“You can also start taking Bak Foong pills (白凤丸) after the 14th day to help warm the uterus and replenish qi and blood,” Physician Tiang adds. This can help improve the health of your womb and maintain its vitality. 

Week four: High collagen and vitality-boosting ingredients

Dried jujubes next to a cup of tea
Jujube tea can help strengthen immunity, which is necessary for the last week of confinement.

In the last stage of confinement, food should increase vitality, repair skin and hair, and improve mental acuity. Look for traditional Chinese medicine soup packs for nourishing blood, Kidneys, and hair such as Herbal qi restoring soup (壮腰培元汤), Ten Herbs soup (十全大补汤), and He Shou Wu Hair Nourishing soup (何首乌润发汤).

Nutrition for bones, muscles, Spleen, and stomach should also be continued. “Consume collagen-rich pork knuckles to help stabilise the toughness of bones and ligaments,” says Physician Tiang. Fattier cuts of beef and chicken on the skin can be used to replace pork.

“Drink more codonopsis jujube tea and brown rice tea to help strengthen the Spleen and stomach and nourish qi and blood during the whole postnatal period,” she adds. “This can effectively help your body to recover and ensure adequate breast milk secretion during confinement.”

TCM Physicians’ Tips: Make the Most of Your Confinement Period

Nutrition is only one aspect of confinement, which requires a synergistic approach that includes physical care. TCM physicians emphasise heightened personal hygiene, the use of herbal baths when washing your hair or taking a shower to prevent exogenous Wind from invading the body, staying warm and protecting against Cold, and avoiding stress to prevent postpartum depression and help your recuperation.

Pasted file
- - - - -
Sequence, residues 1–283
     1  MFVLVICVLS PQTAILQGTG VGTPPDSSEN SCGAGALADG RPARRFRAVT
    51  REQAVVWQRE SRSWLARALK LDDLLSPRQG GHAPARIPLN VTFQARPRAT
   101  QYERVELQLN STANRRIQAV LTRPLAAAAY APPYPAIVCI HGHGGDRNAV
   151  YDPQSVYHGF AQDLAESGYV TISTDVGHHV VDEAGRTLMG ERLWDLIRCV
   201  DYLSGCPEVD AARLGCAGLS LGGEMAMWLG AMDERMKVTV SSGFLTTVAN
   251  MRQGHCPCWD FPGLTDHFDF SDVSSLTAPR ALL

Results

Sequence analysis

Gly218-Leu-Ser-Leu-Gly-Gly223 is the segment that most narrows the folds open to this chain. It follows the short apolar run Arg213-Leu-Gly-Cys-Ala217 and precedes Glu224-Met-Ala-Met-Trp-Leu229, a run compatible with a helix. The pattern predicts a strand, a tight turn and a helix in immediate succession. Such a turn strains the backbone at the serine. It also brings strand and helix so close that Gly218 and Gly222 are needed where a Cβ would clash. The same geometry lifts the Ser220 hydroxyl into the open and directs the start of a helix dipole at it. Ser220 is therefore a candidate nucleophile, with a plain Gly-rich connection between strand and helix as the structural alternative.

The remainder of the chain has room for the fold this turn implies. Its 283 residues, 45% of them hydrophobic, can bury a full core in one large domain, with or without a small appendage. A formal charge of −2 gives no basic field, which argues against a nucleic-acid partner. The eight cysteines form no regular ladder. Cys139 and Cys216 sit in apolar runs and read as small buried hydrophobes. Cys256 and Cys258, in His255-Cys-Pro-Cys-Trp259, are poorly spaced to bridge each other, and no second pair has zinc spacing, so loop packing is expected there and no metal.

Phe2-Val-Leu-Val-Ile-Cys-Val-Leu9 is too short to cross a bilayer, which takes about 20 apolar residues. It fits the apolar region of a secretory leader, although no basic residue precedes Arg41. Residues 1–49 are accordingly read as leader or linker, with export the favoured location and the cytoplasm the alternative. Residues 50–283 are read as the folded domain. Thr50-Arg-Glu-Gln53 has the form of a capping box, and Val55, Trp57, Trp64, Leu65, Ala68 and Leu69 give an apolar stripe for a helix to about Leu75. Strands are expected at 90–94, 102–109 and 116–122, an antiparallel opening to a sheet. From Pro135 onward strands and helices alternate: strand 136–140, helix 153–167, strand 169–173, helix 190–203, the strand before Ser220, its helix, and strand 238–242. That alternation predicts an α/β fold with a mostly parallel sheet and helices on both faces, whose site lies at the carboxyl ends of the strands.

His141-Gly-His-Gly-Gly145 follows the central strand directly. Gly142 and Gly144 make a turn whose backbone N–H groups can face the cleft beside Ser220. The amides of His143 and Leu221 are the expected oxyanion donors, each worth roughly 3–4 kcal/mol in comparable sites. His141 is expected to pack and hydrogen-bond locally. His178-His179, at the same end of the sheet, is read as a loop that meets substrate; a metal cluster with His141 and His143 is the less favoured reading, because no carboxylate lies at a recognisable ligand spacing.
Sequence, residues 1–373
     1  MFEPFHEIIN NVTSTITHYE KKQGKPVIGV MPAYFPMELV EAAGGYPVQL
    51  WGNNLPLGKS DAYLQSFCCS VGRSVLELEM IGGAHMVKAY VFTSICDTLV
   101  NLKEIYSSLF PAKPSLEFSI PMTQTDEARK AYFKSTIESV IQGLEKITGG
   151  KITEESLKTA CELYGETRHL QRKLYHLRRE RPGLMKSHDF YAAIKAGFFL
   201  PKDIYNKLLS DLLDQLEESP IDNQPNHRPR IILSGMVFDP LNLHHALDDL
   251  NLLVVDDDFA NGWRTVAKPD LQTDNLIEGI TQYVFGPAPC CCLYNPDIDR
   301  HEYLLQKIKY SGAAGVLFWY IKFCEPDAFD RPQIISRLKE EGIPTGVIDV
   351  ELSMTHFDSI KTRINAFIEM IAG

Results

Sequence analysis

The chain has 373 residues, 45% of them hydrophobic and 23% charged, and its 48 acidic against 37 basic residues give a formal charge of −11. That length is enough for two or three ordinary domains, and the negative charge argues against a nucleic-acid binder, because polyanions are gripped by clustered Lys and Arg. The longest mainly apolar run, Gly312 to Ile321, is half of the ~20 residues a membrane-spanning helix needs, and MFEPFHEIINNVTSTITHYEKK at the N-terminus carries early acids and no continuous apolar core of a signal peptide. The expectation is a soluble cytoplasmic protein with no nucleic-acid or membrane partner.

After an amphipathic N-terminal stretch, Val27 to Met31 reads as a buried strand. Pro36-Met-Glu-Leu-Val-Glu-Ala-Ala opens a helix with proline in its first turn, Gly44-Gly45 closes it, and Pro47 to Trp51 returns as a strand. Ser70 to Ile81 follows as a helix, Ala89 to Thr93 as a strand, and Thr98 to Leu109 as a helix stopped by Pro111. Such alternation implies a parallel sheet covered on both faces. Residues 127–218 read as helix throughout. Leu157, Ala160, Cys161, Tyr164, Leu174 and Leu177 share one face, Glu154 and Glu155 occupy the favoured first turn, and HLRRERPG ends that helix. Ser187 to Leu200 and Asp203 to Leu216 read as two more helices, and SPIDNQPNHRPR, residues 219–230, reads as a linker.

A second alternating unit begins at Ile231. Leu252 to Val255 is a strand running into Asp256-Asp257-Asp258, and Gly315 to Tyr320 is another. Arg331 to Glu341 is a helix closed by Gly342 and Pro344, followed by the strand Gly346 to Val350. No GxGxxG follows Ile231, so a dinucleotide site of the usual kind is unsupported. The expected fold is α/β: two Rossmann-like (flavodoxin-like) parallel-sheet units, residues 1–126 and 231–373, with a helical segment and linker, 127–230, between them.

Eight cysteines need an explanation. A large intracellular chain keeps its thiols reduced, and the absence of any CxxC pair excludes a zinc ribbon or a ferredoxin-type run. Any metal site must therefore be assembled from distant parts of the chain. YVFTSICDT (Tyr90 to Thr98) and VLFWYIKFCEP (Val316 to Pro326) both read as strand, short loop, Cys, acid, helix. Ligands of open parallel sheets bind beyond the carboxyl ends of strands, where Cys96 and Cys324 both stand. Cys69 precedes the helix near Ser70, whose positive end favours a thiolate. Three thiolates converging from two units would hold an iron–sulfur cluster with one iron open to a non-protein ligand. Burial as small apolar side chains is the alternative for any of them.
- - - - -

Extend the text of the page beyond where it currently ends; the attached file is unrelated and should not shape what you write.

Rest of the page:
Confinement is a critical period where a woman’s body is given the chance to rest, recover, and get stronger. Well-balanced confinement food and herbal supplements that work with the healing cycle of the body is important. It helps mothers recuperate and also protects against potential illnesses as they regain their vitality.

References

  1. Pacific College of Health and Science. The Maternal Tradition Of “Sitting the Month”: Traditional Chinese Medicine Postpartum Care. [Online] Available at: <https://www.pacificcollege.edu/news/blog/2021/09/28/the-maternal-tradition-of-sitting-the-month-traditional-chinese-medicine-postpartum-care> [Accessed 10 July 2022]
  2. Science Direct. 2004. “Doing the month”: Confinement and convalescence of Chinese women after childbirth. [Online] Available at: <https://www.sciencedirect.com/science/article/abs/pii/0160798778900030> [Accessed 10 July 2022]
  3. Eu Yan Sang International Ltd. 2019. Everyday Botanica: A Fresh Perspective on Chinese Herbs. [Offline] [Accessed 12 July 2022]
  4. Science Direct. 2019. Angelica Sinensis. [Online] Available at: <https://www.sciencedirect.com/topics/biochemistry-genetics-and-molecular-biology/angelica-sinensis> [Accessed: 10 July 2022]
  5. Dynamic Chiropractic. 2014. Eucommia Bark Helps Maintain Strong Bones. [Online] Available at: <https://www.dynamicchiropractic.com/mpacms/dc/article.php?id=56897> [Accessed 13 July 2022]